Discovering Addiction brings the history of human and animal experimentation in addiction science into the present with a wealth of archival research and dozens of oral-history interviews with addiction researchers. Professor Campbell examines the birth of addiction science -- the National Academy of Sciences's project to find a pharmacological fix for narcotics addiction in the late 1930s -- and then explores the human and primate experimentation involved in the succeeding studies of the "opium problem," revealing how addiction science became "brain science" by the 1990s.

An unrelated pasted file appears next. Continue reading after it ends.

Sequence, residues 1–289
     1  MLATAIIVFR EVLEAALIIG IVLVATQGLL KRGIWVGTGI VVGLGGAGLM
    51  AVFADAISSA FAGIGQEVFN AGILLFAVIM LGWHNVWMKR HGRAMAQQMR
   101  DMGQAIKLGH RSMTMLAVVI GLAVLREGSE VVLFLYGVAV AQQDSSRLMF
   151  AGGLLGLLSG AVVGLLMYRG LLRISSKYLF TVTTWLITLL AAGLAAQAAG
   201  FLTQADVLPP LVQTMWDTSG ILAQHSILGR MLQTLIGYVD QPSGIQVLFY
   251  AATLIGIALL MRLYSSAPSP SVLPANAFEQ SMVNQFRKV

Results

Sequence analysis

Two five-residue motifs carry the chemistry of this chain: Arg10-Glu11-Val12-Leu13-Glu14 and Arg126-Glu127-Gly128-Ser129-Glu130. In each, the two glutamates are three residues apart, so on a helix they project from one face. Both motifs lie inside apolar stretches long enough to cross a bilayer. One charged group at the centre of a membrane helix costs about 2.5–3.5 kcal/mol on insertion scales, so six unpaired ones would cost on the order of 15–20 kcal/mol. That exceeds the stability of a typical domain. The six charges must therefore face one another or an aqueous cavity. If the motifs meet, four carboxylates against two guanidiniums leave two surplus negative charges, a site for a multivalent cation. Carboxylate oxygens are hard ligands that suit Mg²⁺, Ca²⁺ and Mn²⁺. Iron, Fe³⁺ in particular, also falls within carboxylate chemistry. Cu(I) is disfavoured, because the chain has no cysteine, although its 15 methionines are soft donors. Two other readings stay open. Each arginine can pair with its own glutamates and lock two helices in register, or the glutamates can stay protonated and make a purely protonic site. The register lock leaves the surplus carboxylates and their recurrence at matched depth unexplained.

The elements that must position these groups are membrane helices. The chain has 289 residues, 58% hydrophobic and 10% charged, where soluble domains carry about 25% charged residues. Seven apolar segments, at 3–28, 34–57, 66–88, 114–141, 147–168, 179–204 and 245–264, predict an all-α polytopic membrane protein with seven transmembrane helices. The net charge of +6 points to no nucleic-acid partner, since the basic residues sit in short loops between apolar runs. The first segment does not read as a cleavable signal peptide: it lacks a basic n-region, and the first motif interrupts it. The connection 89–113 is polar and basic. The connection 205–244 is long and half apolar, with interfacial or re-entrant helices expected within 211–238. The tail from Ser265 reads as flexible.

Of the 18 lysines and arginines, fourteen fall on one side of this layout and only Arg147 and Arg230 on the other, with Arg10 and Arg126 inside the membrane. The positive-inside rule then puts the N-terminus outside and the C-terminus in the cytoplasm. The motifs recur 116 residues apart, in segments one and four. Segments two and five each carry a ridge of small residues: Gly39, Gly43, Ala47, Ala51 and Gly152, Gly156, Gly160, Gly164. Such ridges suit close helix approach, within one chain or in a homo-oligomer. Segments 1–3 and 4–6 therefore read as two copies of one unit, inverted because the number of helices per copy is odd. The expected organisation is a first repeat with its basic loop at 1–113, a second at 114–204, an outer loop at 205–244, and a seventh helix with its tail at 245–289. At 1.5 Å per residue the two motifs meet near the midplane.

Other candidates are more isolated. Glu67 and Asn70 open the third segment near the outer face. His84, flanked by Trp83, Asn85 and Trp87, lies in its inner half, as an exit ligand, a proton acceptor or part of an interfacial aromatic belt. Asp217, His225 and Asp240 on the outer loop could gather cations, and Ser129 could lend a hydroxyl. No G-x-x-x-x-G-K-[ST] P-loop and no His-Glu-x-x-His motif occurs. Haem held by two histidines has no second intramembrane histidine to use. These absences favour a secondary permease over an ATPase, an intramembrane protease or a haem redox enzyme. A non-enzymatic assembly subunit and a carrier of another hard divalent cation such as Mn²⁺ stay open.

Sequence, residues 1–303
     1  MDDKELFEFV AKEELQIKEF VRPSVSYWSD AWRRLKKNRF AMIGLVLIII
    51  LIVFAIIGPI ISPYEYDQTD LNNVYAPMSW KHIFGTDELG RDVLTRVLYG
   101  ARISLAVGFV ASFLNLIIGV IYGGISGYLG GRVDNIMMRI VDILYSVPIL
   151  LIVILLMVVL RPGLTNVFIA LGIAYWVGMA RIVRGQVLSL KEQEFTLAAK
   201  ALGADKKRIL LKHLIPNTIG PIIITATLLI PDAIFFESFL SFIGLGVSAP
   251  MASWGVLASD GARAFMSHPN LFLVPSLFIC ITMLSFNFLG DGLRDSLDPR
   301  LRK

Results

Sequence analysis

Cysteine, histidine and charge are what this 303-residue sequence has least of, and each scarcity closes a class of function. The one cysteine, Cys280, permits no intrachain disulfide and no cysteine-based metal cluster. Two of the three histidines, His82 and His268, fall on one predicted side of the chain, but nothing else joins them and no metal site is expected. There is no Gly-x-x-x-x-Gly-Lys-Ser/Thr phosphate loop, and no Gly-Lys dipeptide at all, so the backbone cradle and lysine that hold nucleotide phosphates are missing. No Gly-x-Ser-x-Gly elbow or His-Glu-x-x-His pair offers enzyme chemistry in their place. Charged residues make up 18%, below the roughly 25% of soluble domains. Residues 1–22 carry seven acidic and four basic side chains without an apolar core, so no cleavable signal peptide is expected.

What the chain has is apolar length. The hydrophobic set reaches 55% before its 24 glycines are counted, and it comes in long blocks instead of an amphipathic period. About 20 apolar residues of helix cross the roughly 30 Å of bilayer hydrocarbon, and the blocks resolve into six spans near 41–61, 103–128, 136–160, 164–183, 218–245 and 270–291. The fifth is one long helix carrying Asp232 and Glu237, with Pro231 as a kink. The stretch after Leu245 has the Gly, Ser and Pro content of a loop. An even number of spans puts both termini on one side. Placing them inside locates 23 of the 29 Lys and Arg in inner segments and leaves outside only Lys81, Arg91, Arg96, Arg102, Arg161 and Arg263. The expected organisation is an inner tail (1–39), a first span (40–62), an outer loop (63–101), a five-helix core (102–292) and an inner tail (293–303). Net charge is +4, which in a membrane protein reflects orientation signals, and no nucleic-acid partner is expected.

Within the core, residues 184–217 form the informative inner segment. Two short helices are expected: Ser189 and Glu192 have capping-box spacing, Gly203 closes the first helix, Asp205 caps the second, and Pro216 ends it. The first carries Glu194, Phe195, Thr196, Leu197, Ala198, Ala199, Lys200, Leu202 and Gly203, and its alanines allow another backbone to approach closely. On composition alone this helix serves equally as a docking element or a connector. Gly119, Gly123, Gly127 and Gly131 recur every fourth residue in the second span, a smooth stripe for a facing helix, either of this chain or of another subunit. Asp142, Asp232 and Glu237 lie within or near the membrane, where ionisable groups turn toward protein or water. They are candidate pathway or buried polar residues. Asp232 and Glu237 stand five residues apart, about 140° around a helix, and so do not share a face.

Psychoactive drugs have always had multiple personalities -- some cause social problems; others solve them -- and the study of these drugs involves similar contradictions. Discovering Addiction enriches discussions of bioethics by exploring controversial topics, including the federal prison research that took place in the 1970s -- a still unresolved debate that continues to divide the research community -- and the effect of new rules regarding informed consent and the calculus of risk and benefit. This fascinating volume is both an informative history and a thought-provoking guide that asks whether it is possible to differentiate between ethical and unethical research by looking closely at how science is made.